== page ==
The 2017 BET Awards was held on June 25, 2017, at the Microsoft Theater in Los Angeles. The ceremony celebrated achievements in entertainment and honors music, sports, television, and movies released between April 1, 2016 and March 31, 2017.
Bruno Mars kicked off the night with his trademark zest: his performance of “Perm” was full of funk, humor, sharply coordinated movement, and repeated exhortations to dance. He took the stage flanked by his band, and for the duration of the track, they moved as one unit, mixing the slick choreography of groups like the Time with the brassy blasts of the great 1970s groove bands. Mars’ bassist was especially formidable, reeling off fleet, muscular riffs that drove the group’s side-toside forays. Two-thirds of the way through “Perm,” Mars brought his band to a sudden stop so he could gently chide the left side of the theater for lackluster audience engagement. Chance the Rapper won BET’s humanitarian award for donating $1 million to Chicago’s public schools. Former first lady Michelle Obama presented the award in a video message stating: “We are so incredibly proud of you Chance. We have known Chance and his family since he was a wee little baby rapper, and it has been a thrill to watch him come into his own in so many different ways,” she said. “Time and again, he has been standing up, speaking out and doing the work to get kids in our community the education they deserve,”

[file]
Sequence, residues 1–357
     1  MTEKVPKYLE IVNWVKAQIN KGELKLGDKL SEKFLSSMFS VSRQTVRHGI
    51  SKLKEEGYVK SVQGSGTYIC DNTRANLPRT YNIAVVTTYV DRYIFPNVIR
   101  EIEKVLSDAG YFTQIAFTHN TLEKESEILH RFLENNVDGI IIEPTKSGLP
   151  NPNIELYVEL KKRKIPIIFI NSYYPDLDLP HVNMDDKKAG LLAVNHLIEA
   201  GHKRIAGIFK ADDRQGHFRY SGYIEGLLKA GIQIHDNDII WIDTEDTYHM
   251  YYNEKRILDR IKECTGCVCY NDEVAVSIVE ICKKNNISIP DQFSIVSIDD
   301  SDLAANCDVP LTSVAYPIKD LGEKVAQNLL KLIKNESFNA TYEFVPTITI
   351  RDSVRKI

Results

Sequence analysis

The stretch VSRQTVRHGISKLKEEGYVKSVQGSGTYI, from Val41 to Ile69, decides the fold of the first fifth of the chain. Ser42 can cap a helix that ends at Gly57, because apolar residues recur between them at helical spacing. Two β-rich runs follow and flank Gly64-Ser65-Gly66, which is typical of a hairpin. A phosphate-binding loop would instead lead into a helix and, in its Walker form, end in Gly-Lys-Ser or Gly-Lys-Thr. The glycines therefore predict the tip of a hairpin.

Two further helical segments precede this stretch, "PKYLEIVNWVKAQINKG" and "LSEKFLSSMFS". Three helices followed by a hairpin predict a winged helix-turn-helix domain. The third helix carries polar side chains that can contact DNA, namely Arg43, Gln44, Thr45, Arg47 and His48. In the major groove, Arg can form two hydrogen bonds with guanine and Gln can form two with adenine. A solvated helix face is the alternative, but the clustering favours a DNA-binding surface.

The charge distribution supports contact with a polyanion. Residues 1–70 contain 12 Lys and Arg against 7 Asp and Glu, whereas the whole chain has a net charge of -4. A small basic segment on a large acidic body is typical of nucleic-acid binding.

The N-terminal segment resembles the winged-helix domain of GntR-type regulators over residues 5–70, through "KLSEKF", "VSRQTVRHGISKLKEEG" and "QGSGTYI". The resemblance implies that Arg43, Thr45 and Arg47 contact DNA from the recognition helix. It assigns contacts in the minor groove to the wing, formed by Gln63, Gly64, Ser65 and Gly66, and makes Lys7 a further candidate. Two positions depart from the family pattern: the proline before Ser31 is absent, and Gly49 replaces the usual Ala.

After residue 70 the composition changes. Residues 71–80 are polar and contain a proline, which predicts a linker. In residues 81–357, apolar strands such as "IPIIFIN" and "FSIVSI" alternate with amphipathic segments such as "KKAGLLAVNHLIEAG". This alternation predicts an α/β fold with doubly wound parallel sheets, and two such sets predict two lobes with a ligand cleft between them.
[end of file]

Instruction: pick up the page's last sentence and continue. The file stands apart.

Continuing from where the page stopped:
New Edition was recognized with a lifetime achievement award.
“30-plus years in the music industry will chew you up and spit you out, but all six of us are standing onstage right now,” said Ricky Bell before the group performed a medley of their hits. “What an amazing thing.” The four-hour award show was hosted by comedian Leslie Jones, who kept the laughs coming. The evening featured performances by Bruno Mars, Big Sean, Kendrick Lamar and DJ Khaled.
Kendrick Lamar took home the award for best male hip hop artist and paid tribute to Mobb Deep’s Prodigy, who died last week. “I was inspired to study my skills and work on my connection with my neighborhood,” he said. “How can I inspire them the same way he inspired the streets?”